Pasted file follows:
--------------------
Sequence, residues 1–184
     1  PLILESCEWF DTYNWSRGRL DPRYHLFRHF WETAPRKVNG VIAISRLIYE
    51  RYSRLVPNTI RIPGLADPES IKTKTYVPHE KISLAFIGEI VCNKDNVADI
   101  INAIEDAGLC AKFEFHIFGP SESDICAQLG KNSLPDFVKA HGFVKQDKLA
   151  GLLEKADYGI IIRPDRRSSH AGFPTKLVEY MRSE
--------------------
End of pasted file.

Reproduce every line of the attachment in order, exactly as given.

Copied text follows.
Sequence, residues 1–184
     1  PLILESCEWF DTYNWSRGRL DPRYHLFRHF WETAPRKVNG VIAISRLIYE
    51  RYSRLVPNTI RIPGLADPES IKTKTYVPHE KISLAFIGEI VCNKDNVADI
   101  INAIEDAGLC AKFEFHIFGP SESDICAQLG KNSLPDFVKA HGFVKQDKLA
   151  GLLEKADYGI IIRPDRRSSH AGFPTKLVEY MRSE